Latest Issue

The weak state of Turkey

Factionalism has left the country unstable in the face of terrorism and a separatist insurgency

By Simon A Waldman & Emre Caliskan  

Prime Minister Theresa May with the President of Turkey Recep Tayyip Erdogan ahead of a joint press conference at the Presidential Palace in Ankara, Turkey ©Andrew Parsons / i-Images/PA Wire/PA Images

Last month, Prime Minister Theresa May made Turkey her last stop on a diplomatic tour. This week, Turkish President Recep Tayyip Erdogan held his first telephone conversation with the new US President Donald Trump. But the headlines about the £100m fighter jet deal May secured and the possibility of better relations between Washington and Ankara are distractions from the reality that the country is in turmoil. Within four weeks, Turkey saw the new year…

Register today to continue reading

You’ve hit your limit of three articles in the last 30 days. To get seven more, simply enter your email address below.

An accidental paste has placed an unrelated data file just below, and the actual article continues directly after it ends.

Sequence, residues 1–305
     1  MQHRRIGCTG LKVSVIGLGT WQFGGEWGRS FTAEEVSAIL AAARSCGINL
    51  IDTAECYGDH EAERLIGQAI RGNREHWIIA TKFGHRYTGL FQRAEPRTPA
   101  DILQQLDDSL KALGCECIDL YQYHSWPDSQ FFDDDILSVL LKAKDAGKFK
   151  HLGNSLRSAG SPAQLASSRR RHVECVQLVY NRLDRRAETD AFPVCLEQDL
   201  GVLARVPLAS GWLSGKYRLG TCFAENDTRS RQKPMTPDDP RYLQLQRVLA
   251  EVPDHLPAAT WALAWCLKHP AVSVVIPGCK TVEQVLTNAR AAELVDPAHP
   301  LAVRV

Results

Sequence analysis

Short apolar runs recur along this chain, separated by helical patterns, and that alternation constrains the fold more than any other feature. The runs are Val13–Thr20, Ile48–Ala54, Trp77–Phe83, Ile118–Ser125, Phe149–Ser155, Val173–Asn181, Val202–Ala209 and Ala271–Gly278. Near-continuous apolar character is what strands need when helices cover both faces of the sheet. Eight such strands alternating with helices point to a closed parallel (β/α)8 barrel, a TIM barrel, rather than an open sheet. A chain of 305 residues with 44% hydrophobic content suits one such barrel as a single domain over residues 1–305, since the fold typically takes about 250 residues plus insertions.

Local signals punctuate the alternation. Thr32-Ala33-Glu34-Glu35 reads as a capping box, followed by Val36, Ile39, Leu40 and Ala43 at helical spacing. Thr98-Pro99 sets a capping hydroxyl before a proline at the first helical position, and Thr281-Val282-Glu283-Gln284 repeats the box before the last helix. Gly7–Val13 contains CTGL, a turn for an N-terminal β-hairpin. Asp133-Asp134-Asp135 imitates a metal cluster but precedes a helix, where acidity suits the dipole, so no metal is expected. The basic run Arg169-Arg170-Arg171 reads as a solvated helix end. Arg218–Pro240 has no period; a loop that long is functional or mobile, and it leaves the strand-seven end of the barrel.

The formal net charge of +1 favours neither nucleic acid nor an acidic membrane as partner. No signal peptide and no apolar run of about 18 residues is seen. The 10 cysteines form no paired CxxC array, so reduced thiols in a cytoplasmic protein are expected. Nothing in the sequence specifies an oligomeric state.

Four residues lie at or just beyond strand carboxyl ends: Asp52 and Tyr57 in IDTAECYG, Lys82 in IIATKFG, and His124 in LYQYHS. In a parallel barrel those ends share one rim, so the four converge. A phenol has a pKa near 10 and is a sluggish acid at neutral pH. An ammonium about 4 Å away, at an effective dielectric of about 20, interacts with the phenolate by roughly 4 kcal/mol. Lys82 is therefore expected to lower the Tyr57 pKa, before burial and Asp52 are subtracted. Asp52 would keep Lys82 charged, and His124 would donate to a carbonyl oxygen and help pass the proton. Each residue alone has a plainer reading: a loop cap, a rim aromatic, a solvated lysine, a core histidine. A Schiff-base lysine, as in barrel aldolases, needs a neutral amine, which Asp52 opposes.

You’ll also receive our free e-book Prospect’s Top Thinkers 2020 and our newsletter with the best new writing on politics, economics, literature and the arts.

Prospect may process your personal information for our legitimate business purposes, to provide you with newsletters, subscription offers and other relevant information.

Click here to learn more about these purposes and how we use your data. You will be able to opt-out of further contact on the next page and in all our communications.

This site is protected by reCAPTCHA and the Google Privacy Policy and Terms of Service apply.

We want to hear what you think about this article. Submit a letter to

More From Prospect